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Author Topic: Navy Commander Busted For Net-Porn
the patriot
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posted 19 June 2021 08:29      Profile for the patriot   Author's Homepage   Email the patriot   Send New Private Message      Edit/Delete Post  Reply With Quote 
Those officers in the navy never seem to learn do they..... (WARNING: article to follow).

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The Globe and Mail
Navy commander relieved of duty over Internet porn
By ROBERT MATAS
From Tuesday June 19, 2001.

Vancouver A top navy commander in the Canadian Forces has been temporarily relieved of his duties for accessing several "Penthouse-like" pornography sites on the Internet with a laptop computer provided to him by the Department of National Defence.

Commodore Eric Lerhe, the 52-year-old commander of the fleet of warships on the West Coast, has been charged under the National Defence Act with conduct to the prejudice of good order and discipline.

It's the first time such a senior officer has faced such a charge since the Canadian Forces set up an independent investigative unit four years ago, Major John Pumphrey of the Provost-Marshal's office said yesterday in an interview.

Cmdre. Lerhe told his supervisor about logging on to the sites after it became clear he may have to sit in judgment over one of his subordinates who had been charged with the misuse of a DND computer.

The Defence Department refused to identify the Web sites Cmdre. Lerhe was viewing. The range of penalties for the offence is wide, from administrative discipline to a formal dismissal with disgrace from the Canadian Forces to imprisonment for life.

The charge has startled several observers, including a spokeswoman for a Vancouver women's group.

Pornography changes the way women are viewed, Geraldine Glattstein, executive director of Women Against Violence Against Women, said in an interview.

"It's dangerous for women to be supervised by someone who spends his spare time looking at those kinds of Web sites," she said.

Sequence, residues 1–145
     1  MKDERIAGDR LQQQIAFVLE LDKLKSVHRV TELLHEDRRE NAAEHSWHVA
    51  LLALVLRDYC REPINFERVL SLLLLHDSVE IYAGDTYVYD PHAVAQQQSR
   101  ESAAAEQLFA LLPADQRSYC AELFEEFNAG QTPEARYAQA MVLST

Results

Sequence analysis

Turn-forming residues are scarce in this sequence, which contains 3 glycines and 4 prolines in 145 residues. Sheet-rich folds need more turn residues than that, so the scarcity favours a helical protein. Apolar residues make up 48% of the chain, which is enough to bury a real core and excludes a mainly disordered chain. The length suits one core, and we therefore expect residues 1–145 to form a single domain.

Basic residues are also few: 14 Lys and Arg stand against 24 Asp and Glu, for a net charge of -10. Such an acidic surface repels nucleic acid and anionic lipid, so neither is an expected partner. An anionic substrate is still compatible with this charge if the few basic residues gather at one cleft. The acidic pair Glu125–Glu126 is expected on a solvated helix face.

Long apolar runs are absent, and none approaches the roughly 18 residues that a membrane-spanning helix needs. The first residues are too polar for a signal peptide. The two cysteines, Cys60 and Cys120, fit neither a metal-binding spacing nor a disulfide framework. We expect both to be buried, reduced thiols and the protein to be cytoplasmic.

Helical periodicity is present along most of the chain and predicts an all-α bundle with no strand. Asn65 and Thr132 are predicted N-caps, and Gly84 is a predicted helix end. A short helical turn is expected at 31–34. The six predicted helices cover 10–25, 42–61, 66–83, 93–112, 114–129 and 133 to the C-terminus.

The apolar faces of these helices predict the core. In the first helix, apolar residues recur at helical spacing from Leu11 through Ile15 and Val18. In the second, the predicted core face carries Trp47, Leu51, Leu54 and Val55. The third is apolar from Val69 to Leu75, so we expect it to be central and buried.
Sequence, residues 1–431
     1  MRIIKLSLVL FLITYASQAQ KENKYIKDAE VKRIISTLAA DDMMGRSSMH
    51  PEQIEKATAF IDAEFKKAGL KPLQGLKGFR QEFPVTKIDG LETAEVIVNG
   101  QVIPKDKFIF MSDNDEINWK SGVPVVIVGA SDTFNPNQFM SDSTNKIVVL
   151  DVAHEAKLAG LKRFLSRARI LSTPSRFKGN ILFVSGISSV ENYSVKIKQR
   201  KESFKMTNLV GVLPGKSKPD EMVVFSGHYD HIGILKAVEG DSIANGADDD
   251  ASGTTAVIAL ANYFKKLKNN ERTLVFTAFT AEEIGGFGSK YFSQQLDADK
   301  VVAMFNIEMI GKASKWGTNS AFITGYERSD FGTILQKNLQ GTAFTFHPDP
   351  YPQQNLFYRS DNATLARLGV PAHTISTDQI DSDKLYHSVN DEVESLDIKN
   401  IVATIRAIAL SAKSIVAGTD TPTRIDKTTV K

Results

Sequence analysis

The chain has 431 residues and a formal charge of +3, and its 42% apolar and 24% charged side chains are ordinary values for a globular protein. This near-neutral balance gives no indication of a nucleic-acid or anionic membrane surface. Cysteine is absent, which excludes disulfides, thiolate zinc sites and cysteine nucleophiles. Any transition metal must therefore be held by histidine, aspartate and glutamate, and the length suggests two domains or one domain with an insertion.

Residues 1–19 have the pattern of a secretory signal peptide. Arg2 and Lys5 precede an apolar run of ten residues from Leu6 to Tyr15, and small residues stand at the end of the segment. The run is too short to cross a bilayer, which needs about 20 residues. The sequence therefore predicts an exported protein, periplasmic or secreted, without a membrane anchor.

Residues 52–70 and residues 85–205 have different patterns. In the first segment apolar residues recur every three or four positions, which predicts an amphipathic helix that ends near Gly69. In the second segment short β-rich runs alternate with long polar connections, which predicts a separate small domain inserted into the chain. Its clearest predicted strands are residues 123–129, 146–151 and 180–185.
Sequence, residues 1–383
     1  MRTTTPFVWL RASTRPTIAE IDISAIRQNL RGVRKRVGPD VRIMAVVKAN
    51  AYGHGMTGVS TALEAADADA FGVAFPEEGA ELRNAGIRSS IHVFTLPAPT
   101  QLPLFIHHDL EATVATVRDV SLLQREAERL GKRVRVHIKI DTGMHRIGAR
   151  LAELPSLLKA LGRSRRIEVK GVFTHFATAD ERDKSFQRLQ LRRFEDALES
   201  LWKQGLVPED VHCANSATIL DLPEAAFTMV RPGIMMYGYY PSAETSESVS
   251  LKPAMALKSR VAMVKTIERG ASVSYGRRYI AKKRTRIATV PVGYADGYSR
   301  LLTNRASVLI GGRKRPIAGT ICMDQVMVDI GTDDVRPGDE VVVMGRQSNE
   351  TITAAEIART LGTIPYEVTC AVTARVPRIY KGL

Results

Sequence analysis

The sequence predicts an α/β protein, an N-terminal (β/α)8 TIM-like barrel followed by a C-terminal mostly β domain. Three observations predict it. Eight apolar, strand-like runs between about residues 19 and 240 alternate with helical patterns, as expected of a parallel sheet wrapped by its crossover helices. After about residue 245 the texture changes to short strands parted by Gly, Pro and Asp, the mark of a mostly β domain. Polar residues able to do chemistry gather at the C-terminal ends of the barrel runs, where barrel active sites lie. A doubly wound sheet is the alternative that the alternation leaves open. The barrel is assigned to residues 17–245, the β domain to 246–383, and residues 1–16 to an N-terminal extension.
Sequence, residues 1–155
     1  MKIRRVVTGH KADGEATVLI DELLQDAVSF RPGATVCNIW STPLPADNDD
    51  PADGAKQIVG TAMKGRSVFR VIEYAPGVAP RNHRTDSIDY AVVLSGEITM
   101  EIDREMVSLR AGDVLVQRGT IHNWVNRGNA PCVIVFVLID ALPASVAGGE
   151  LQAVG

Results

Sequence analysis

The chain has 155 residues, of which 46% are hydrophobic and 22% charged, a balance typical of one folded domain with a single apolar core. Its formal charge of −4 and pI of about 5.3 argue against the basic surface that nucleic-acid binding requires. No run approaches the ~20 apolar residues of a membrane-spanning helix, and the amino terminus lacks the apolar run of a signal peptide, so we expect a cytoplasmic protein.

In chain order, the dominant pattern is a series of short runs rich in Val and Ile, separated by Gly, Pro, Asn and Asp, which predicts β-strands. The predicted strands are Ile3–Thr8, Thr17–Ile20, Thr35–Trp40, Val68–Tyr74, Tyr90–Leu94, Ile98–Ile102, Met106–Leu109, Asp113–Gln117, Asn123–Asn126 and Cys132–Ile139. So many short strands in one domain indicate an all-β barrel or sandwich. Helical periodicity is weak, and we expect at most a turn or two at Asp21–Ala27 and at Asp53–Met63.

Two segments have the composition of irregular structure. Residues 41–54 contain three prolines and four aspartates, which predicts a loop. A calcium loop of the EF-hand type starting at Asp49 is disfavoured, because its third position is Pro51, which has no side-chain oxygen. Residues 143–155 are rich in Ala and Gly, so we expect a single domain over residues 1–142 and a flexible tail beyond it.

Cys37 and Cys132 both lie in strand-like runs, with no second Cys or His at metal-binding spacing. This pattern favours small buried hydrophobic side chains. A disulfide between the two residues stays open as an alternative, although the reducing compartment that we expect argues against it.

Supervisors who go back to the office after accessing pornographic sites are creating a hostile environment for women to work in , she added. "It certainly does not help make [the workplace] more friendly."

Cmdre. Lerhe, who is married but has no children, joined the Canadian Forces in 1976. He told Vice-Admiral Ron Buck last week that he logged on to the pornographic sites when he was deployed out of the country.

Although he was using a Defence Department computer, he was off-duty and using his personal Internet account, he says in a statement posted on the Maritime Forces Pacific Web site. He was not available for an interview yesterday.

Vice-Adm. Buck said the safety of Canadian navy personnel or ships were never in jeopardy. Cmdre. Lerhe was relieved of his command "because the alleged activity is inconsistent with his position of high trust and authority," he said.

The deputy fleet commander, Captain Dan Murphy, has taken over Cmdre. Lerhe's command responsibilities.

Canadian Forces policy prohibits the use of the Internet to view sexual materials in any form "for non-work-related use, regardless of the legality of the material." Commanding officers are responsible for providing subordinates with guidance on proper Internet use, enforcing compliance and investigating allegations of misuse.

Cmdre. Lerhe spoke to Vice-Adm. Buck after he was briefed on disciplinary proceedings being taken against one of his sailors charged with the misuse of a DND computer.

As the sailor was one of his direct subordinates, Cmdre. Lerhe realized he could be the presiding officer at the summary trial. "For the next 24 hours, I pondered this," he states.

He acknowledged doing what he did in order to ensure he would not be involved in the trial of his subordinate "and to clear my conscience," he says in the statement.